The slow-motion Saturday Night Massacre

When Richard Nixon feared that the investigations into his criminal scandals were going to take him down and he got desperate, he took a gamble. He fired just about everyone in charge of investigating him all on the same night, in the hope that the shock and awe would make the investigation go away. Instead it backfired, and ultimately led to his demise. Donald Trump has been trying the same approach, but in super slow motion. But is it working?

Trump’s gamble has been that if he fires the top investigators in his Russia scandal one at a time, and lets a good amount of time pass between each ouster, he might be able to gradually erode the investigation until nothing was left of it. He started it eight months ago when he fired FBI Director James Comey; some would argue that it began even earlier when he fired Acting Attorney General Sally Yates. It’s still ongoing. Just this week he managed to badger FBI Deputy Director Andrew McCabe into retiring. Here’s the trouble.

This strategy would be working for Trump if these people were simply being forced to walk the plank without anyone to take their place and keep the investigation intact. But when Trump fired Comey, it resulted in the appointment of Special Counsel Robert Mueller to take over the investigation in Comey’s place. When Trump replaced Comey with Christopher Wray months later, he thought Wray was on his side. But when he told Wray to fire McCabe, Wray refused.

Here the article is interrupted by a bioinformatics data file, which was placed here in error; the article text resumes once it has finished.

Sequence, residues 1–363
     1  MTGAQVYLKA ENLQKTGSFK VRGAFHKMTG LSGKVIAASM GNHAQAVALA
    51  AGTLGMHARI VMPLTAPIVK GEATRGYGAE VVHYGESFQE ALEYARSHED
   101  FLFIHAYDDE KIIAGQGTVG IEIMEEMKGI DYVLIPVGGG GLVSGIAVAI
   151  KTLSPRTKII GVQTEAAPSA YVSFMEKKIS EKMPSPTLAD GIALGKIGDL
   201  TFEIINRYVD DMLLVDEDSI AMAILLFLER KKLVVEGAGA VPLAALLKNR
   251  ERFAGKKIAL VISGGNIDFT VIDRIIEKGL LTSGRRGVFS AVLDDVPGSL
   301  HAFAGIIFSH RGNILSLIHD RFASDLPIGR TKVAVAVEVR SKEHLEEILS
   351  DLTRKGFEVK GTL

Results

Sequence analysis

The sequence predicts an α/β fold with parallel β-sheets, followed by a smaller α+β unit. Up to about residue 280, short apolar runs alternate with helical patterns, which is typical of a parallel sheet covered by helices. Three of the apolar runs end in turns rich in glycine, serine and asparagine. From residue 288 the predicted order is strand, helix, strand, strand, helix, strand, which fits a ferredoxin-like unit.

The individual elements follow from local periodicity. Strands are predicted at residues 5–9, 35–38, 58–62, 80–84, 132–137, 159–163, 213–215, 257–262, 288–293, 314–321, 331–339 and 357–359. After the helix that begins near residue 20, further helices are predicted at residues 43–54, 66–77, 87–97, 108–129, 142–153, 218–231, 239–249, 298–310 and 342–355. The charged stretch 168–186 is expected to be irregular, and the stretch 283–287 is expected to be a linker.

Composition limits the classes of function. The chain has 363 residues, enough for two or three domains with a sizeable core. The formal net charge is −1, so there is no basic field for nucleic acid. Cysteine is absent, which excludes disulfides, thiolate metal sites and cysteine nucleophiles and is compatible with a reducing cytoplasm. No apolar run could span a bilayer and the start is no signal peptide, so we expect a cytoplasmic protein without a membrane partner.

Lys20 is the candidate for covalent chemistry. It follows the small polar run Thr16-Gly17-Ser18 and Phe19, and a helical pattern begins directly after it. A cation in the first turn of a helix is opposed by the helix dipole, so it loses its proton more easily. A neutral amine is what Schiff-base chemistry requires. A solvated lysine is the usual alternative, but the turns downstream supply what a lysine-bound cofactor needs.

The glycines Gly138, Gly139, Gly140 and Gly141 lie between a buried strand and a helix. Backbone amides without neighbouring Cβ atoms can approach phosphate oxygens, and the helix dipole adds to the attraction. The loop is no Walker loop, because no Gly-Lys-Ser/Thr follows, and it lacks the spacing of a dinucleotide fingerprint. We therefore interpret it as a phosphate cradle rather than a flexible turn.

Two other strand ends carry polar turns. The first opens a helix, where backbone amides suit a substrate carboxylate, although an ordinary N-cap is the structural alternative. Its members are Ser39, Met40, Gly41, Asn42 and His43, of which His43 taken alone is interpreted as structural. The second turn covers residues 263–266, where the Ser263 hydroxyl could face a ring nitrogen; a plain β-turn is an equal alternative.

Now that Trump has managed to get rid of McCabe after all, he’s been replaced by David Bowdich, whose record suggests that he has as much integrity as McCabe does. Trump seems to be trying to get rid of Deputy Attorney General Rod Rosenstein, but his replacement would be Rachel Brand. She’s a conservative, so Trump probably thinks she’ll on his side. However, Brand earned the trust of President Obama, which suggests that she’ll play things by the book as well.

The trouble with Donald Trump’s slow-motion Saturday Night Massacre is that it allows the other side to keep reloading. There’s no attrition here. The Trump-Russia investigation is in as good of hands as ever; it’s just in different hands now. Trump’s strategy hasn’t yet backfired to the point that it’s forced him out of office. But the counts of obstruction of justice and key witnesses against him sure keep getting racked up, suggesting that his gamble will indeed take him down in the end.

Bill Palmer is the publisher of the political news outlet Palmer Report